Harris and Macron are expected to discuss at their meeting on Wednesday U.S. support for the French military mission against jihadists in the Sahel region of Africa, as well as plans backed by France to bolster European defense capabilities.
Following the wreath-laying ceremony, Emhoff will break up with his wife and meet with U.S. Embassy staff and their families in Paris as Harris prepares for his meeting with Macron.
The vice-president began her multi-day trip to France by meeting with American and French scientists working on global COVID-19 preparedness on Tuesday at the Institut Pasteur in Paris.
Harris is expected to speak at the annual Paris Peace Forum on Thursday and will attend the Paris Libya Conference on Friday.
While at the institute in Paris Tuesday afternoon, Harris and Emhoff met with French virologist and immunologist James Philip Di Santo and an American researcher.
Di Santo said they are working to understand why people have different symptoms and findings from the coronavirus and rely heavily on nasal swabs in their research.
Harris joked that she was “intimately familiar” with nasal swabs – the easiest and most common way to test a positive COVID-19 case.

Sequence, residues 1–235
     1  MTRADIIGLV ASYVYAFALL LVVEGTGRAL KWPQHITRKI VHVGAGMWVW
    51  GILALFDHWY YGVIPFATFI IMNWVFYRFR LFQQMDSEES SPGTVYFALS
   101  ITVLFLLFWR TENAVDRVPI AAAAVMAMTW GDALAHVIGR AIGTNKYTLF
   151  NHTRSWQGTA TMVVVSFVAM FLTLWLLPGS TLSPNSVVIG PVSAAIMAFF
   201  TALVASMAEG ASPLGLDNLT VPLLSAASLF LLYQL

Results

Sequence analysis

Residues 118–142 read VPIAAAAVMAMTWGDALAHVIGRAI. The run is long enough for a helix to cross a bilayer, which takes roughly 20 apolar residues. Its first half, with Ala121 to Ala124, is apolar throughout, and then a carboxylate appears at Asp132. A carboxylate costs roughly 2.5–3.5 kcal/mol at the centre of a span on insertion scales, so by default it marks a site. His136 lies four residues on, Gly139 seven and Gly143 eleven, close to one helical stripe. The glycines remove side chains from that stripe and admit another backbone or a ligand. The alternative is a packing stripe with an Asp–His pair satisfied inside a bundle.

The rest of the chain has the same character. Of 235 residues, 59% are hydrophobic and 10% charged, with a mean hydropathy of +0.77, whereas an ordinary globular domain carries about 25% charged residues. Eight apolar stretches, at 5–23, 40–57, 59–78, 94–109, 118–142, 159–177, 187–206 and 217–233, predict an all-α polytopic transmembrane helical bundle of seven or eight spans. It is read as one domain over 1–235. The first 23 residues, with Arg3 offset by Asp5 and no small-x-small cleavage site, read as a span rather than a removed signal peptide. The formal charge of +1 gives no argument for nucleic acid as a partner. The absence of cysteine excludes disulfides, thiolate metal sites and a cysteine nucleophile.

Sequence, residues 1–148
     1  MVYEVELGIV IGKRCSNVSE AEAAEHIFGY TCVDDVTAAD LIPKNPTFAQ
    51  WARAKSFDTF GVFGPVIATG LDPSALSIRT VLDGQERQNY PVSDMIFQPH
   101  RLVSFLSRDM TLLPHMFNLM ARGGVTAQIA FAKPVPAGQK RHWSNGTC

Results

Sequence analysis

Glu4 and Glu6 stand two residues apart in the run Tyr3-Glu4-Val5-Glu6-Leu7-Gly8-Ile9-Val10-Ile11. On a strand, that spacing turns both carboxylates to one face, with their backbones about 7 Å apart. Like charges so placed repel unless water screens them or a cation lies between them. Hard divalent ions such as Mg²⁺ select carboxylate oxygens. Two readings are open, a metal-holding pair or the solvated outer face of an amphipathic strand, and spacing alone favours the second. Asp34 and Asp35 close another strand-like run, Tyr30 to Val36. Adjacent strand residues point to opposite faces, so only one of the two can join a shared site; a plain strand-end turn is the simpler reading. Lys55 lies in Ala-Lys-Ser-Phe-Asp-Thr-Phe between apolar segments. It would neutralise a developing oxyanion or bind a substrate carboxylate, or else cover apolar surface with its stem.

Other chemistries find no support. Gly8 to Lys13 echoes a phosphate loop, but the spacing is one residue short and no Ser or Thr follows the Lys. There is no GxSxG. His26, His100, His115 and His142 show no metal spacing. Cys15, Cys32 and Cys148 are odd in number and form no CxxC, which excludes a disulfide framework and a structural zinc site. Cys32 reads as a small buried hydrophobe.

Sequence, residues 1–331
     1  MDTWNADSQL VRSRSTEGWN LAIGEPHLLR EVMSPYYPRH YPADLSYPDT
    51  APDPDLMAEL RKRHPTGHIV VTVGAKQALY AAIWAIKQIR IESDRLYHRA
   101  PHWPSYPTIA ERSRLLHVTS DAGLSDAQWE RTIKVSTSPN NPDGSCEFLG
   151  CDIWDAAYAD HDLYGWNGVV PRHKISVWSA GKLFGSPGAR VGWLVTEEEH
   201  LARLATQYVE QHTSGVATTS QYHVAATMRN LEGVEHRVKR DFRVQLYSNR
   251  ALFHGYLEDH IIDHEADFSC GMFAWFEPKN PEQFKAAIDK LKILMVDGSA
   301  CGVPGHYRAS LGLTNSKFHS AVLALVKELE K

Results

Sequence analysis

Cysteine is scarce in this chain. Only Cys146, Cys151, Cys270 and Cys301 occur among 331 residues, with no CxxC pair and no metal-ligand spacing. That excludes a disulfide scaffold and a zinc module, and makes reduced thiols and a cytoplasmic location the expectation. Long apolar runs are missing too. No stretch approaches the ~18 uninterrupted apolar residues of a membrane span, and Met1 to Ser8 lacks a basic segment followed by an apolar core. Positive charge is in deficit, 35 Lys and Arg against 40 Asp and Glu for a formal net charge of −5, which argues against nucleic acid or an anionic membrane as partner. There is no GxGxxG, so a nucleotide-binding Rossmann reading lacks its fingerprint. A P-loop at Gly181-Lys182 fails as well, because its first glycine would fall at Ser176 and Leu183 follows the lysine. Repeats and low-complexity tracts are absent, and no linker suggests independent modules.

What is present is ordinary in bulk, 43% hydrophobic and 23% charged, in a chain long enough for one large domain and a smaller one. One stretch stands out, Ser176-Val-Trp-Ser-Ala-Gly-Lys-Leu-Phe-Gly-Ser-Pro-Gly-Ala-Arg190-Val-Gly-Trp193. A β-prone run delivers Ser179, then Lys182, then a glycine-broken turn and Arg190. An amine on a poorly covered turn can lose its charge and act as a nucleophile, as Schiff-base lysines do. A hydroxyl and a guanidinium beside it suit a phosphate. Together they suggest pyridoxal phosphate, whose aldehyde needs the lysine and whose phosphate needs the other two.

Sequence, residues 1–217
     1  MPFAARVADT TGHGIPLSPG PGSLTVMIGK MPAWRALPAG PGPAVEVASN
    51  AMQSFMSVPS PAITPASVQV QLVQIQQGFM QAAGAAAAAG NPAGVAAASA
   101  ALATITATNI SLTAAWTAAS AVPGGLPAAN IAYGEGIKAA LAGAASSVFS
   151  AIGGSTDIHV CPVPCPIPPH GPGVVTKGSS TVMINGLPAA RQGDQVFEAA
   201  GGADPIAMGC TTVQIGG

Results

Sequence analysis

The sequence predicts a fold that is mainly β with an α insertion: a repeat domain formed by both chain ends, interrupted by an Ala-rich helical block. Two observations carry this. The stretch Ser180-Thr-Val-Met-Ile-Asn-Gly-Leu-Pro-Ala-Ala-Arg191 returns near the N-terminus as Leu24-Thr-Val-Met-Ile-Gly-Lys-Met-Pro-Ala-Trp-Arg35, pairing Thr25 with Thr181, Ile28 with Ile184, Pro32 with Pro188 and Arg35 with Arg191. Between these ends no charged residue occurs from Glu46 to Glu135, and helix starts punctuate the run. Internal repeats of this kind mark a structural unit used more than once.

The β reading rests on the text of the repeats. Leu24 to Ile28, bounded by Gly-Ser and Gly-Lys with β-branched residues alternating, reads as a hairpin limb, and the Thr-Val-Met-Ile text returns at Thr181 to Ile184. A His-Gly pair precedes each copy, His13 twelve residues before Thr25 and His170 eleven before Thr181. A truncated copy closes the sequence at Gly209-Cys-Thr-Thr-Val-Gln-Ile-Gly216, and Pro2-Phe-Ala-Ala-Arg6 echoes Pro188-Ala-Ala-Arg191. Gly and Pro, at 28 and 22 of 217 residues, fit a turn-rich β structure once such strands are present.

Upon arriving in Paris on Tuesday morning, a reporter asked Harris: “What is your message for President Macron?”
“It’s good to be in France and I look forward to many days of productive discussions building the strength of our relationship,” she dodged, remaining oblivious to a question of how she “will appease them. tensions “with the French president.
Following the wreath laying and the tour, Harris will prepare for a bilateral meeting with French President Emanuel Macron while Emhoff visits families at the U.S. Embassy in Paris.
Harris and Emhoff visited the Institut Pasteur in Paris on Tuesday to visit and meet with American and French scientists working on global COVID-19 preparedness
A French journalist asked Harris during Pasteur’s tour about reconciliation tactics with France in the wake of the AKUS split, saying the institute was evidence of collaboration between Washington and Paris.
Harris agreed and spoke at length about the scientific process and how it is better than politics because it involves guesswork and investigation instead of just presenting a big plan.
“Scientists operate with a hypothesis. I like this. They start from a hypothesis and test it, ”she said, adding that if it doesn’t work,“ everyone comes together and nobody gets beaten up about it ”.
“With us in government, we are campaigning with the plan – capital letter T capital letter P,” Harris added, saying there was not much room for innovation and fixes if there were “problems.” “.
She said it was a general statement and not general comments on Bidne’s agenda for better reconstruction which was not adopted last month in a social spending and welfare program of $ 3.5 trillion to Congress.
“There will be problems and there will be mistakes,” she said of the policy making. “If you don’t make the same mistake twice… it’s a good process and we have to encourage it.”